The nationwide collective hiring freeze that the pandemic created is expected to ease by December in Dallas, according to an HR consulting firm study.
Robert Half’s national staffing survey of senior level managers at 3,000 companies found that six of 10 Dallas companies foresee hiring by the end of the year.
“Not only are they going to be adding staff, they’re also going to be replacing the current staff that, for whatever reason, leave their organization,” said Mark Malone, senior regional vice president for Robert Half in Dallas. “There will be a lot of hiring going on.”
Dallas ranked second only to San Diego in terms of employer optimism at 61% and 62%, respectively.
“The talent in Dallas Fort Worth is very skilled so I think it’s easy to recruit companies that want to move here from California or New York,” Malone said. “Lower taxes and a diverse talent base plays a part.”
The study further found that the remaining 39% of companies are taking a wait and see approach.
“We didn’t find any companies that were going to reduce staff,” Malone said. “So, I think the 39% may end up hiring but they don’t have plans to do that today. I would venture to add that if they lost anybody, they would replace that person and hold their staffing levels where they are not reducing.”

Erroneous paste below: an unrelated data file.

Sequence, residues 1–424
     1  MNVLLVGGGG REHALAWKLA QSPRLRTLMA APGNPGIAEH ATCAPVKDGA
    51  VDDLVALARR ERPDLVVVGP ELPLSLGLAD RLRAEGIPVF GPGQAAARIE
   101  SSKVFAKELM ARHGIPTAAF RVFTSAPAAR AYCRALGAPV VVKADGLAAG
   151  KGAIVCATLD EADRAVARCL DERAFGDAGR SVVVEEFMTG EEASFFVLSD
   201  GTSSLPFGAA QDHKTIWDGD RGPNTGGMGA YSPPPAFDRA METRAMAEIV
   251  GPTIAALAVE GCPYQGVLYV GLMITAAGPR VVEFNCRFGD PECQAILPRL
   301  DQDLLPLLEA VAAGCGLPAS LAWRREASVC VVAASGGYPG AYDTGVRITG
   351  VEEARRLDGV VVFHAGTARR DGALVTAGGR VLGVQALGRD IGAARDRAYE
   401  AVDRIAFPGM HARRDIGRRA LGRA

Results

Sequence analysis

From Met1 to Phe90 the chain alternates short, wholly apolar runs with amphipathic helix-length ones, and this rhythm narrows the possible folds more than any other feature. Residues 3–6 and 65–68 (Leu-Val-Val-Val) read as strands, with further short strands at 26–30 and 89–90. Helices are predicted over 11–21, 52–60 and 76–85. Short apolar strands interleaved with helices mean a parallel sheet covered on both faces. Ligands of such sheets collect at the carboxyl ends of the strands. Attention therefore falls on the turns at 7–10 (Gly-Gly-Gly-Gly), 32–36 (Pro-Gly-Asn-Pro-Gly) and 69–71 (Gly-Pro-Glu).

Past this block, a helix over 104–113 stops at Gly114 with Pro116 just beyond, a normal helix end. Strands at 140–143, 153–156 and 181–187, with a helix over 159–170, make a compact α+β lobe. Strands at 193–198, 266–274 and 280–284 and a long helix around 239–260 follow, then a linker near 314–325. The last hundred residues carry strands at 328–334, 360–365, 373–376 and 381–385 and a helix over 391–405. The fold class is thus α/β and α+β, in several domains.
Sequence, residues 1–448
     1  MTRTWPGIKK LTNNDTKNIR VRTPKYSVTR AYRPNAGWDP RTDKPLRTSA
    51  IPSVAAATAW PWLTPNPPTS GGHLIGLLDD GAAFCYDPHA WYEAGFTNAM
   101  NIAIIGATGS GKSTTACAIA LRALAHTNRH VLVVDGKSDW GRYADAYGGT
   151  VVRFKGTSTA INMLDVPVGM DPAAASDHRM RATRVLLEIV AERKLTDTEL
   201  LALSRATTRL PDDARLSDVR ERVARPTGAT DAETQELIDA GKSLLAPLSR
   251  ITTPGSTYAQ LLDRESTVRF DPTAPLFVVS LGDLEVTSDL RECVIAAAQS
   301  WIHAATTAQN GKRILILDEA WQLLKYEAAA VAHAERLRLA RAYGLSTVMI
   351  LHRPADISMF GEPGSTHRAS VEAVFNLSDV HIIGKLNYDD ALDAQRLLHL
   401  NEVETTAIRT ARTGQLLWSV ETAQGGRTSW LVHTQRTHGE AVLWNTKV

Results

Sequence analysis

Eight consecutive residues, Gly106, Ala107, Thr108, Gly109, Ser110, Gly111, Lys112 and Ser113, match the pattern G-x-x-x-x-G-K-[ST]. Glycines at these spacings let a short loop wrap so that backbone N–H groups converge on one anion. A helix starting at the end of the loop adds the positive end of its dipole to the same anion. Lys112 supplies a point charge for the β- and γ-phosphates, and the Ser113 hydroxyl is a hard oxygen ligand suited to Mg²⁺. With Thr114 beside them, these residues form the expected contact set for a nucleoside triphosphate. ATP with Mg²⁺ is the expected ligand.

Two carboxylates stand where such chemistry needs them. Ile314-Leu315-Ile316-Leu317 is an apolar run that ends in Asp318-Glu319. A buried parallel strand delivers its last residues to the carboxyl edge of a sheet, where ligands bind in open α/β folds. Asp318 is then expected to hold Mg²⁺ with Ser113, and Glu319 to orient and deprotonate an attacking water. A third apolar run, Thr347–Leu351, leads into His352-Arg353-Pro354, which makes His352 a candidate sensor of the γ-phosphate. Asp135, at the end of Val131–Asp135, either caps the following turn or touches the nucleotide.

Among the factors driving the growth is the reopening of the economy after months of lockdowns, according to Malone.
“When the pandemic started a lot of companies re-evaluated some of their positions and reviewed their cost structure from a compensation standpoint,” he said. “As businesses recover and the market continues to get better, companies are finding that they can’t continue to grow their business without staffing their organizations appropriately.”
Compared to other cities in Texas, the study revealed that Austin and Houston had high hiring numbers in the next six months as well but not as high as Dallas.
“Dallas does typically fare better than the state overall and that’s because Dallas is not dependent upon any one or two industries,” Malone said. “Houston is a very energy driven market so when energy is down, Houston may be down as well while Dallas is very diversified.”
The latest unemployment data shows 6.5% for the state overall compared to 6% in Dallas with some critics complaining that workers are resisting returning to employment because they are finding they can comfortably stay home while receiving pandemic benefits.
“Companies are having a hard time finding the right candidates with the right skill set they’re looking for,” Malone added. “Knowing that it is a job seekers’ market right now, a lot of candidates are leveraging that for better opportunities, higher salary and more flexible work situations. As a result of it being a job seekers’ market, a third of the candidates who we talked to are planning on making a move in the next few months.